The Complete Chatbot Glossary for Beginners
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Chatbots have been around for decades now, but most people aren’t familiar with the terminology relating to them. 

If you’ve ever interacted with an online customer support bot or if you’re a business owner yourself, you probably know how to use chatbots. But do you know the difference between an attribute and an entity? Here’s a beginner’s guide with everything you need to know about chatbots.

If you’re thinking of implementing a chatbot for your business, or if you just want to get more insight into the world of AI, this glossary is a great place to start.

Attribute

An attribute is a piece of information, such as the user’s name, that the chatbot can refer to later in a conversation.

Artificial Intelligence (AI)

Artificial intelligence (AI) is the ability of a computer to emulate actions associated with humans. The primary goals of implementing AI are to enhance learning, reasoning, and perception. AI has applications in a wide variety of industries and situations一from self-driving cars to epidemiology.

Autoresponder

Autoresponders are the instantaneous messages businesses can implement in their chatbots. Customers expect immediate replies, so pre-programming them as autoresponders can improve customer experience.

Chatbot

A chatbot is a software tool that is used to conduct online conversations between a human and a computer, often used for customer support or sales purposes. Chatbots can be added to websites or integrated with other messaging apps, such as Facebook Messenger.

Chat Log

Chat logs, or chat transcripts, are the text of a full chatbot conversation. It’s important to track these to note frequently asked questions and common concerns that customers have.

Chat Widget

A chat widget is a little button that often appears in the bottom right corner of a website and leads to the conversation. It’s best practice to customize the widget to match your branding.

Screenshot of JetSpring website highlight the chat widget in the bottom right

Chat Window

A chat window shows the chat conversation. The user is able to scroll through previous messages and send new ones. In some chatbots, the window will display how long the conversation has been going on or include a button to connect the user with a live person.

Screenshot of JetSpring website showing the chat window

Compulsory Input

Compulsory inputs are required pieces of information users must provide before using a chatbot. These are customizable on the backend, so companies can choose what information they want to gather, whether they just want a name to make the conversation more personable, or if they want contact information to follow up later.

Conversational User Interface (UI)

Conversational UI includes the visual appearance and design of the chatbot. From the colors and logo to the buttons and widget, make sure your chatbot’s conversational UI is a cohesive extension of your website.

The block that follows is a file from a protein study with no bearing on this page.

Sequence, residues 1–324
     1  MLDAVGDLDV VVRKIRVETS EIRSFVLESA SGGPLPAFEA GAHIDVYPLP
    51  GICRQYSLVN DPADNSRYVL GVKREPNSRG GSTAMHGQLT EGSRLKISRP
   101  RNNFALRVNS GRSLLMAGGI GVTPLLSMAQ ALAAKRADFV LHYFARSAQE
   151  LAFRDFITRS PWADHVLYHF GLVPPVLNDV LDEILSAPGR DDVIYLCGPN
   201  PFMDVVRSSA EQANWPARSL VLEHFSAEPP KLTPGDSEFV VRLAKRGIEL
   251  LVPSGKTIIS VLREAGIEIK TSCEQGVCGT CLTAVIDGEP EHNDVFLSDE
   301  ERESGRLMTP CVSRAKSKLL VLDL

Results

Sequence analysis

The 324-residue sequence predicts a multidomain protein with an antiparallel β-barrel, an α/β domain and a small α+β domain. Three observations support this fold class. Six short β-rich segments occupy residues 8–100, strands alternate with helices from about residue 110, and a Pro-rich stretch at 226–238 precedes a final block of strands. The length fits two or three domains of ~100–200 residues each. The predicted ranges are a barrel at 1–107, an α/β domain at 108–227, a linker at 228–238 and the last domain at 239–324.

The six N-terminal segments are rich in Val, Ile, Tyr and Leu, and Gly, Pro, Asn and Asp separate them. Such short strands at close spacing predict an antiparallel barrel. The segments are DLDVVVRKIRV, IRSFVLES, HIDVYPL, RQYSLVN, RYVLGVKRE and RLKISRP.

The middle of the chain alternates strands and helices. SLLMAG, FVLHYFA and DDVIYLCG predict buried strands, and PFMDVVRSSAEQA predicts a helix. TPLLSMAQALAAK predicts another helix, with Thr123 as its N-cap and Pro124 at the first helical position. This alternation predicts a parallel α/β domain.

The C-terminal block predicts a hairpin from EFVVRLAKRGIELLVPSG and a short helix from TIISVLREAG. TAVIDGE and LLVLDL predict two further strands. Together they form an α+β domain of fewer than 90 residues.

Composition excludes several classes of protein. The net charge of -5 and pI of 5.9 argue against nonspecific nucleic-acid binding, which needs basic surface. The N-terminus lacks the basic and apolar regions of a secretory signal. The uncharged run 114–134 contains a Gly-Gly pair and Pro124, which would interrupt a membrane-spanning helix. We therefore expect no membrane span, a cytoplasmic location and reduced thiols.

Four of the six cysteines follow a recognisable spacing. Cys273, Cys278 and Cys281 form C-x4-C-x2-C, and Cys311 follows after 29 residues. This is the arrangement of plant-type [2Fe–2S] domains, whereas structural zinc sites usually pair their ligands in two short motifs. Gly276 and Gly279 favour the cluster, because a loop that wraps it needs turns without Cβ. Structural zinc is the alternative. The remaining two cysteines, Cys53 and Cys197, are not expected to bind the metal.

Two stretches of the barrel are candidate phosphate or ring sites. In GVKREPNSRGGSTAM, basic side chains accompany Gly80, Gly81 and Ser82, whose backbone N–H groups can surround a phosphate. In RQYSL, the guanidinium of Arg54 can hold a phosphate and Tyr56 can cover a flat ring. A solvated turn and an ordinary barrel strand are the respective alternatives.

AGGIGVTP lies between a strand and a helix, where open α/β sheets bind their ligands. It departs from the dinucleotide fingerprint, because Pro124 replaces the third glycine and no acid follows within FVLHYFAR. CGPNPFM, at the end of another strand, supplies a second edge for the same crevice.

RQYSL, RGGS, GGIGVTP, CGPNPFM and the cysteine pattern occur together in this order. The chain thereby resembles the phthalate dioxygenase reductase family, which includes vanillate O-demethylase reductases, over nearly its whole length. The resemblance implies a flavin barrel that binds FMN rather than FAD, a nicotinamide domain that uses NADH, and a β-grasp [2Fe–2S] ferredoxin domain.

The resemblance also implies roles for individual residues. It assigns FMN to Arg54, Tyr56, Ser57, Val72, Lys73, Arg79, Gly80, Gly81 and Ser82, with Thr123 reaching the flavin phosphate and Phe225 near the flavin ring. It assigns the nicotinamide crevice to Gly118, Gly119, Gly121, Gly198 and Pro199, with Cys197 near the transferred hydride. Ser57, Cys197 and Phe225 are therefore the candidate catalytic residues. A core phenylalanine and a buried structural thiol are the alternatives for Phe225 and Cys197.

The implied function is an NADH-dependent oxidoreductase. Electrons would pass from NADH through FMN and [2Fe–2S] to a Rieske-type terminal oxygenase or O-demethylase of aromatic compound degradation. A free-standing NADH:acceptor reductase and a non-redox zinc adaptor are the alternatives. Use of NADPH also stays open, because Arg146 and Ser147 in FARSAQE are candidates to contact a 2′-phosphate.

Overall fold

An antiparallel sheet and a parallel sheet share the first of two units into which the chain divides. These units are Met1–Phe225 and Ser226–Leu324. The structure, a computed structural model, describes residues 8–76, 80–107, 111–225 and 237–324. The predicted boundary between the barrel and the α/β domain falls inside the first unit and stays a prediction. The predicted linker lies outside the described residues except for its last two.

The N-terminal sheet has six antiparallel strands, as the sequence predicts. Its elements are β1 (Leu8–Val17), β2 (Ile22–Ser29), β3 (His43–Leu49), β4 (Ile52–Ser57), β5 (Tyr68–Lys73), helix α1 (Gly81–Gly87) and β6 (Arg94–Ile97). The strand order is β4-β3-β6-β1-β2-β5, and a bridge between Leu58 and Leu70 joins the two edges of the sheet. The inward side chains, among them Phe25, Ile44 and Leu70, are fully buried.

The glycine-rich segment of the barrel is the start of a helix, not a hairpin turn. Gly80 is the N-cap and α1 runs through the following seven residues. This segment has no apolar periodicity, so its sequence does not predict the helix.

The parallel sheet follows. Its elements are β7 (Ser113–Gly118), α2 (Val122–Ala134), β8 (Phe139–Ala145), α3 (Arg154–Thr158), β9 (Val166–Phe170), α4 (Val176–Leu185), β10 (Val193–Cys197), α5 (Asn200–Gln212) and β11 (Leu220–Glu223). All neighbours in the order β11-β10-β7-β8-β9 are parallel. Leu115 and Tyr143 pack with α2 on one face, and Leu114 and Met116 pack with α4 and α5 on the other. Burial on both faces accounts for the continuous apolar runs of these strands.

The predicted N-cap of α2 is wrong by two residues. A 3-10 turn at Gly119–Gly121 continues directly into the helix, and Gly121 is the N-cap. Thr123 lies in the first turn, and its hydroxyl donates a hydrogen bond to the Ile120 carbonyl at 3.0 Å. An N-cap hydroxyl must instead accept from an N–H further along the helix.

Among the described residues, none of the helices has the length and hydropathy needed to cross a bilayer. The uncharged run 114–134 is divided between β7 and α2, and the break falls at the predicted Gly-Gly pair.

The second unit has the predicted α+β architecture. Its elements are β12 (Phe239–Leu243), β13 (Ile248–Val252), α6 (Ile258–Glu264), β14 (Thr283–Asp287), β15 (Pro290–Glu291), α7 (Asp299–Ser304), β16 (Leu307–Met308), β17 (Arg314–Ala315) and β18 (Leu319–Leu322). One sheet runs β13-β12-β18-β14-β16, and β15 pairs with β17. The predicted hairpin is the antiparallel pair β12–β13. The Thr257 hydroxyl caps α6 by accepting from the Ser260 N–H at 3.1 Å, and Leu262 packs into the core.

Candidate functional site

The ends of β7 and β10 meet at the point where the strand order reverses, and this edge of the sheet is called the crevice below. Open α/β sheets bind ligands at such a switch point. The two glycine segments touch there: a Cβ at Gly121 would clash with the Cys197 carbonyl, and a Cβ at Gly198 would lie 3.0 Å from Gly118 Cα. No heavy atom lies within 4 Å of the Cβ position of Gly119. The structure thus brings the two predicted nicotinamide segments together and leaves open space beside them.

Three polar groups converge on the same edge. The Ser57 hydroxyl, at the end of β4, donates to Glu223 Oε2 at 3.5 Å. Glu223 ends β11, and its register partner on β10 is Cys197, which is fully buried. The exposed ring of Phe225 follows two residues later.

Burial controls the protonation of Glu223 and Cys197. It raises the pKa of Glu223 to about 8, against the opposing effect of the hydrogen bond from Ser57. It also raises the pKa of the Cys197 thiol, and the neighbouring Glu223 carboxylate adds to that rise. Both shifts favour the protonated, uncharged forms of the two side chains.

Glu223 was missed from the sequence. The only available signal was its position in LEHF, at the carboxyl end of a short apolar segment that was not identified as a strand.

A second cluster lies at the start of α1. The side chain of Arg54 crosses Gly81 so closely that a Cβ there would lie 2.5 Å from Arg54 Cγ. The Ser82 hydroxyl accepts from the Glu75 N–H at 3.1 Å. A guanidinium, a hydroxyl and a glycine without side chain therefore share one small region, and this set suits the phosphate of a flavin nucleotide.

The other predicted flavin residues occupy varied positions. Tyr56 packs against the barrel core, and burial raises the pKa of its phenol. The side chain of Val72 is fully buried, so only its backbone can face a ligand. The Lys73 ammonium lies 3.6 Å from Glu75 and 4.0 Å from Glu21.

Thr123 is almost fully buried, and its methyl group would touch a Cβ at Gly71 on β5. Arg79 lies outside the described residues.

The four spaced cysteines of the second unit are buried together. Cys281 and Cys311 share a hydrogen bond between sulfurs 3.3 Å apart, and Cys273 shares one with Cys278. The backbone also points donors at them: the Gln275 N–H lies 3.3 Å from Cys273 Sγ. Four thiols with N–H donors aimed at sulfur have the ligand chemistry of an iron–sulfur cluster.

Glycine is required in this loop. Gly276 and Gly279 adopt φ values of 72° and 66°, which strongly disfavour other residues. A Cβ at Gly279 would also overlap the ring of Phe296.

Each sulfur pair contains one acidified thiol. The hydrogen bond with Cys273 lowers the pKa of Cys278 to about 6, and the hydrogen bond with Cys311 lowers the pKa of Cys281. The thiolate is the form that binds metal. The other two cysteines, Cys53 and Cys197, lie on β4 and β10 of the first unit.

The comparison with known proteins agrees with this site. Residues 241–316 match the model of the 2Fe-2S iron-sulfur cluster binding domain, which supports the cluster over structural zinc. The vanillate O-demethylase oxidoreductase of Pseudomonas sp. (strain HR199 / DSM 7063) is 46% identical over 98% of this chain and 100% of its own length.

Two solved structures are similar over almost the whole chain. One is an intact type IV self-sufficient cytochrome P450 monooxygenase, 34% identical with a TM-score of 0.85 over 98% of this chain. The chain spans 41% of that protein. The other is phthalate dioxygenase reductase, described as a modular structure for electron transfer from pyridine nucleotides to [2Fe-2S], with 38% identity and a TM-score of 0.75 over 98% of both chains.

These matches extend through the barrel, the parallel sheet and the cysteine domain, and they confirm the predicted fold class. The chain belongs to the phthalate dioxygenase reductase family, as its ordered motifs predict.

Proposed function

Conversational User Experience (UX)

Conversational UX includes the intangible factors that affect the user’s experience of interacting with the chatbot. For example, this could include the chatbot’s personality, the speed between messages, and the diction used.

Entity

Entities are pieces of information that the chatbot needs to recognize in order to provide an answer to the user. Entities function similarly to FAQs: 

User: What color t-shirts do you have available?

Chatbot: We have red, green, and blue t-shirts available.

In this example, “color” and “t-shirts” are entities. The chatbot recognizes them and retrieves the relevant information.

Flow-based Chatbot

Flow-based chatbots are chatbots that function simply as a triaging flowchart or decision tree. There’s no AI involved, which limits the types of interactions users can have with them, but they’re a low-cost solution for identifying a customer’s issue and pointing them in the right direction.

Intent

Intent refers to what the user meant in their message to a chatbot. It gets at the root of what the person was asking and serves as the basis for the chatbot’s response.

Machine Learning (ML)

Machine learning is a subset of artificial intelligence that allows chatbots to learn from human interactions to become more efficient and effective over time. It includes the process of teaching a bot more information through inputting data or observing past mistakes.

Natural Language Processing (NLP)

Natural language processing is another subset of AI. It’s used in chatbots to recognize and respond to human speech and sentiment. 

Pop-up

Pop-ups are visual cues used on websites to let visitors know that there is a chatbot available. 

Screenshot of JetSpring website showing chat pop-up

Training

Training a chatbot refers to the ongoing practice of feeding the chatbot new information, reviewing chat logs to find areas of improvement, and other updates. Training allows your chatbot to become an even better tool for your customers.

Utterance

An utterance is anything that a person says in a conversation with a chatbot.

If you’ve read through this glossary and are still confused about chatbots, try out ours! You can see the real-life applications of these terms, and we can answer any outstanding questions you have.